https://doi.org/10.5546/aap.2012.e77...
). In addition, it also occurs in vertebrates and invertebrates, but its clinical importance in animals is almost unknown (Dutkiewicz et al. 2016Dutkiewicz J., Mackiewicz B., Lemieszek M.K., Golec M., Skórska C., Góra-Florek A. & Milanowski J. 2016. Pantoea agglomerans: a mysterious bacterium of evil and good. Part II - Deleterious effects: dustborne endotoxins and allergens-focus on grain dust, other agricultural dusts and wood dust. Ann. Agric. Environ. Med. 23(1):6-29. <https://dx.doi.org/10.5604/12321966.1196848> <PMid:27007514>
https://doi.org/10.5604/12321966.1196848...
). Despite limited information about its occurrence in birds, P. agglomerans have been reported in healthy captive passerines, Psittaciformes, and other free-living bird orders (Lopes et al. 2015Lopes E.S., Maciel W.C., de Albuquerque Á.H., Machado W.G.D.A.B., Bezerra W.G.A., Vasconcelos R.H., Lima B.P., Gonçalves G.A.M. & Teixeira R.S.C. 2015. Prevalence and antimicrobial resistance profile of enterobacteria isolated from psittaciformes of illegal wildlife trade. Acta Scient. Vet. 43:1313. Beleza et al. 2019Beleza A.J.F., Maciel W.C., Carreira A.S., Bezerra W.G., Carmo C.C., Havt A., Gaio F.C. & Teixeira R.S. 2019. Detection of Enterobacteriaceae, antimicrobial susceptibility, and virulence genes of Escherichia coli in canaries (Serinus canaria) in northeastern Brazil. Pesq. Vet. Bras. 39(3):201-208. <https://dx.doi.org/10.1590/1678-5150-PVB-5829>
https://doi.org/10.1590/1678-5150-PVB-58...
, Carreira 2019Carreira A.S. 2019. Avaliação da microbiota entérica bacteriana de aves de vida livre capturadas no campus do Itaperi da Universidade Estadual do Ceará, Fortaleza-Ce. Master’s Thesis, Graduate Program in Veterinary Sciences, Universidade Estadual do Ceará, Fortaleza, CE. 72p. Available at <Available at http://www.uece.br/ppgcvwp/wpcontent/uploads/sites/6/2019/08/ArianneCarreira_Disserta%C3%A7%C3%A3o.pdf > Accessed on Mar. 6, 2020.
http://www.uece.br/ppgcvwp/wpcontent/upl...
). Gerlach et al. (1994)Gerlach H., Ritchie B.W., Harrison G.J. & Harrison L.R. 1994. Avian Medicine: principles and application. Viruses Wingers Publishing, Lake Worth, Florida, p.862-948. clarified that it is likely that the isolation of this microorganism in poultry feces can be related to the consumption of seeds containing this bacterium. Only when there is a high concentration of this agent in the food can toxicity problems occur. Some studies have reported H. alvei with domestic and wild birds (Hernandez et al. 2003Hernandez J., Bonnedahl J., Waldenström J., Palmgren H. & Olsen B. 2003. Salmonella in birds migrating through Sweden. Emerg. Infect. Dis. 9(6):753-755. <https://dx.doi.org/10.3201/eid0906.030072> <PMid:12781025>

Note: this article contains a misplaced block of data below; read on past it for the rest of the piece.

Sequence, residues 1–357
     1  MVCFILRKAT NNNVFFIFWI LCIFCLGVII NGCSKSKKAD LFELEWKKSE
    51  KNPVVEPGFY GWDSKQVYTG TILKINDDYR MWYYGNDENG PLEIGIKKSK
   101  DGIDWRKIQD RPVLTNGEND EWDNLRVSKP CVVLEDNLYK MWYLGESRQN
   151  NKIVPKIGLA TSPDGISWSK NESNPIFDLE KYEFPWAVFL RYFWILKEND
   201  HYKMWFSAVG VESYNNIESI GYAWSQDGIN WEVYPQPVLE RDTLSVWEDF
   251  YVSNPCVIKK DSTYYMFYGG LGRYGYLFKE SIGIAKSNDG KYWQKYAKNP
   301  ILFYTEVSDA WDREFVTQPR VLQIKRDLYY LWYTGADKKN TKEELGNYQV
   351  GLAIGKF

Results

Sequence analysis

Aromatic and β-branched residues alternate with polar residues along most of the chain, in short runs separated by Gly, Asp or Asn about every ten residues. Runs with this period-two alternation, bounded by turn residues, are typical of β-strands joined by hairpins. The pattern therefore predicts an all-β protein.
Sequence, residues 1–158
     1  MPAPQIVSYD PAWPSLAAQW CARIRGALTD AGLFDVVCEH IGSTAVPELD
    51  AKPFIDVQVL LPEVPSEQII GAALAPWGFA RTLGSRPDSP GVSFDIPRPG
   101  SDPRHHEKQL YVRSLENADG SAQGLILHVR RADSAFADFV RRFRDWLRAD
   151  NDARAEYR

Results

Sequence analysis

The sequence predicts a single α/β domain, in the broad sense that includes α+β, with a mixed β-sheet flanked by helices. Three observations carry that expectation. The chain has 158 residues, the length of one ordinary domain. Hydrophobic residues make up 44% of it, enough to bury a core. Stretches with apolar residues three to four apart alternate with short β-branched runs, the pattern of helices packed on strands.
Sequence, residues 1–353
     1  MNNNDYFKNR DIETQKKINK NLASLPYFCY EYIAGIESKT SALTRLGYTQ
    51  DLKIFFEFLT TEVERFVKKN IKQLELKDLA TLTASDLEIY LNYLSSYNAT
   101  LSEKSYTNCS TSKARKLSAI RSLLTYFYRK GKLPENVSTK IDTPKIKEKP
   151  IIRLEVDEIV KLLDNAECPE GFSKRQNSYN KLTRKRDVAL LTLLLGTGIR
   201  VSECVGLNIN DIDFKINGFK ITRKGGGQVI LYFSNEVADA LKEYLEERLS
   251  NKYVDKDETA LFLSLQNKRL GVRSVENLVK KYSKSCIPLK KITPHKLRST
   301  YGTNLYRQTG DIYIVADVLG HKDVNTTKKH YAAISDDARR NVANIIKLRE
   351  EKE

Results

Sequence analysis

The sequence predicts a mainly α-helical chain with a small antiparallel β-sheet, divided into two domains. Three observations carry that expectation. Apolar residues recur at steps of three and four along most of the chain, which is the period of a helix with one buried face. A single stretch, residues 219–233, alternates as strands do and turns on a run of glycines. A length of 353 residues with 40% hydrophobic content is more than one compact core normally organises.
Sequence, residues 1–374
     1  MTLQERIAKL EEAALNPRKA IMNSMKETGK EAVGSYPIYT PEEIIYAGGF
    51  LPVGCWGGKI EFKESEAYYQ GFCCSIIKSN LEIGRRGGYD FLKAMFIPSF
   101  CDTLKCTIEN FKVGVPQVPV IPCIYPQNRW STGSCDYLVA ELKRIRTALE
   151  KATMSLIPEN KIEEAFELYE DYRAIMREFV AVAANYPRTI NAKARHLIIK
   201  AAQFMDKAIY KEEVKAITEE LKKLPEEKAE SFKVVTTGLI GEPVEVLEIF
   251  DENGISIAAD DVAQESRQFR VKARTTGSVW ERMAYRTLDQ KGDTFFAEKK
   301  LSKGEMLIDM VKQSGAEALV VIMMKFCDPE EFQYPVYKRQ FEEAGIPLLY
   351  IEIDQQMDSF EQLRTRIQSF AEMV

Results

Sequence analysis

https://doi.org/10.3201/eid0906.030072...
, Giacopello et al. 2015Giacopello C., Foti M., Fisichella V. & Piccolo F.L. 2015. Antibiotic-resistance patterns of Gram-negative bacterial isolates from breeder canaries (Serinus canaria domestica) with clinical disease. J. Exot. Pet Med. 24(1):84-91. <https://dx.doi.org/10.1053/j.jepm.2014.12.009>
https://doi.org/10.1053/j.jepm.2014.12.0...
, Beleza et al. 2019Beleza A.J.F., Maciel W.C., Carreira A.S., Bezerra W.G., Carmo C.C., Havt A., Gaio F.C. & Teixeira R.S. 2019. Detection of Enterobacteriaceae, antimicrobial susceptibility, and virulence genes of Escherichia coli in canaries (Serinus canaria) in northeastern Brazil. Pesq. Vet. Bras. 39(3):201-208. <https://dx.doi.org/10.1590/1678-5150-PVB-5829>
https://doi.org/10.1590/1678-5150-PVB-58...
). However, reports on clinical conditions in birds with both bacteria are scarce in the literature. One of the rare cases occurred from the description of an outbreak in pullets of 18 weeks in Italy, whose clinical signs resembled those caused by Salmonella spp. (Proietti et al. 2004Proietti P.C., Passamonti F., Franciosini M.P. & Asdrubali G. 2004. Hafnia alvei infection in pullets in Italy. Avian Pathol. 33(2):200-204. <https://dx.doi.org/10.1080/0307945042000195830> <PMid:15276988>
https://doi.org/10.1080/0307945042000195...
). In the present study, no bird showed clinical signs of the disease.

In fact, Escherichia coli was also among the most isolated microorganisms (18.5%), a lower percentage than Machado et al. (2018)Machado D.N., Lopes E.S., Albuquerque A.H., Horn R.V., Bezerra W.G.A., Siqueira R.A.S., Beleza A.J.F., Oliveira F.R., Cardoso W.M. & Teixeira R.S.C. 2018. Isolation and antimicrobial resistance profiles of Enterobacteria from nestling grey-breasted parakeets (Pyrrhura griseipectus). Braz. J. Poult. Sci. 20(1):103-110. <https://dx.doi.org/10.1590/1806-9061-2017-0551>
https://doi.org/10.1590/1806-9061-2017-0...
found in their research on free-living Pyrrhura griseipectus juveniles. They obtained percentages of 65.8% of positive individuals. They also showed that this high rate could be explained by the accumulation of fecal material in the nest, which would increase the exposure of juveniles to fecal bacteria, unlike what occurs in adults and young individuals who live most of the time in less contaminated areas (Benskin et al. 2009Benskin C.M.H., Wilson K., Jones K. & Hartley I.R. 2009. Bacterial pathogens in wild birds: a review of the frequency and effects of infection. Biol. Rev. 84(3):349-373. <https://dx.doi.org/10.1111/j.1469-185X.2008.00076.x> <PMid:19438430>
https://doi.org/10.1111/j.1469-185X.2008...